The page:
Ruling keeps injunction on gangs for now

Ruling keeps injunction on gangs for now
Defense, prosecution get 10 days to comment before decision’s final

By Marjorie Hernandez, mhernandez@
April 23, 2005

Four weeks after the trial ended, a Ventura County Superior Court judge tentatively ruled Friday to maintain the gang injunction in Oxnard. The defense and prosecution have 10 days to comment before the decision becomes permanent. In his decision, Judge Frederick Bysshe says “the significant number of violent assaults, homicides, narcotics activity” caused by the defendant, Colonia Chiques, “created and have become a public nuisance, which on constitutional grounds, justifies” a permanent injunction.

Bysshe approved a temporary injunction on June 1, over a 6.6-square-mile area now known as a “safety zone” around Oxnard’s La Colonia area, which will remain unchanged, according to Friday’s decision. The decision is the result of a civil lawsuit brought against the gang members.

During the trial, Senior Deputy District Attorney Karen Wold said members of the Colonia Chiques gang were responsible for 40 homicides in Oxnard since 1992 and 147 assaults from 2000 to 2004.

As of Friday, 54 people have been charged with violating the temporary injunction, Wold said.

Colonia Chiques gang members served with the injunction cannot associate with other members, wear Dallas Cowboy attire, stay out past 10 p.m. or engage in other gang-related activities in the safety zone.

Those who are arrested for violating the injunction could face up to six months in jail and a $1,000 fine.

“We are extremely pleased with the decision,” Wold said Friday. “The judge has concluded that there is a need for it, and it will continue to protect the citizens who live in Oxnard.”

In his decision, Bysshe did include defense attorneys’ suggestions for an “opt-out” program. Bysshe, however, modified the suggestions, which would allow: ·

Gang members who want out to be relieved of the injunction terms in 24 months in a program supervised by the District Attorney’s Office.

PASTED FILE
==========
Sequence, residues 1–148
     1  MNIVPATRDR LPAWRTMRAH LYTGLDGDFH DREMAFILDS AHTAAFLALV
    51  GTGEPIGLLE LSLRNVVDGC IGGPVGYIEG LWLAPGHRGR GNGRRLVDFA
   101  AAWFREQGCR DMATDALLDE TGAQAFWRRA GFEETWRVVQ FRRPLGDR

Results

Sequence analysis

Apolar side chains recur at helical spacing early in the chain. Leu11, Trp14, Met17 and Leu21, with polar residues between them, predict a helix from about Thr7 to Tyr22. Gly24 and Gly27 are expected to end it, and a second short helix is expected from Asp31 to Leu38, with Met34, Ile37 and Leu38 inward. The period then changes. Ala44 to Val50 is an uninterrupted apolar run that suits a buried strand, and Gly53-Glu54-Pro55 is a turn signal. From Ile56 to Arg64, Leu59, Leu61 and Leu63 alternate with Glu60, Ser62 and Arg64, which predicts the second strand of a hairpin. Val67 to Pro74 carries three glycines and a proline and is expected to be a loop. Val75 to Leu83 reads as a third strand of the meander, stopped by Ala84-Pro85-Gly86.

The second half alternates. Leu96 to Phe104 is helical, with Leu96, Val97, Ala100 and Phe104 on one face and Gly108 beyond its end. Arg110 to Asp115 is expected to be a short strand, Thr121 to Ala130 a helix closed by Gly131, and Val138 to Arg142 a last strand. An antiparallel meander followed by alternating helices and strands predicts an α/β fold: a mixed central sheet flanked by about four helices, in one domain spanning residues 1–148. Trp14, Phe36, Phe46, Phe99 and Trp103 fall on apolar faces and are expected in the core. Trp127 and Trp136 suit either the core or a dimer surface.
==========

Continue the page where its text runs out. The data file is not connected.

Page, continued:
· Alternatives such as “12 step programs” that would include free removal of tattoos, education and job assistance and support groups.

A gang member can participate in the opt-out program if he renounces the gang life completely and stays in the recovery program for 24 months to “become a productive member of society.”

Bysshe also wants the Oxnard Police Department to assist in developing the program that will help gang members leave the life.

“It appears that he incorporated some of our suggestions … and that our efforts were not in vain,” Senior Deputy Public Defender Neil Quinn said Friday. “We will see what the final decision is and evaluate our options at that point.” Community members who opposed the temporary injunction said the decision will only serve to provide more power to law enforcement officials who have already unfairly targeted innocent people.

“Some of the provisions in the injunction are drastically inhibiting people’s rights,” community activist Francisco Romero said. “It’s ridiculous to think this will be effective. I know the dangers of gang violence and the lifestyle, and I know it’s a problem, but this isn’t a solution. It’s a huge, huge mistake.”

Law enforcement officials in neighboring communities such as El Rio, Port Hueneme and Santa Paula said they have seen a slight increase in crime in their jurisdictions but could not attribute the increase directly to the injunction pushing crime into their communities.

El Rio has its share of gang problems, but it’s not clear it spills over from Oxnard, Undersheriff Craig Husband said.

“At this point, we don’t feel that it (an injunction) is necessary,” Husband said. “We do not have the high level of crime or rash of homicides like in Oxnard. They had to take extraordinary efforts to save lives. We haven’t experienced that level of violence.”

In October 2004, officials from the Port Hueneme Police Department presented a three-pronged plan to the City Council, which outlined the “intervention, prevention and suppression” of crime, Police Chief Fernando Estrella said. Estrella said there has been an increase in aggravated assaults in Port Hueneme but said it is too early to tell if the increase could be attributed to Oxnard’s injunction.

“Whatever the impact it will have, it’s already here,” Estrella said. “I look at the injunction as another resource tool for us to make the community as safe as it can be.”

Rather than immediately implementing an injunction to deal with the city’s gang problem, however, the Port Hueneme Police Department presented other options, such as establishing a violent crimes task force, a nuisance abatement program and educational programs for gang members, to city officials.

“You cannot just arrest your way out of a gang problem,” Estrella said. “We are also looking at other alternatives that will help us build more schools and not larger prisons for tomorrow.”

Residents in La Colonia had mixed reactions to Bysshe’s ruling.

Juanita Cortez, 66, said in Spanish that the injunction is a good thing to help rid the city of crime in light of all the homicides that have claimed the lives of young people.

“The success of the injunction remains to be seen,” Isabel Zavala, 77, said in Spanish.

— Staff writers Brandon Mackey and Angelica Martinez contributed to this report.

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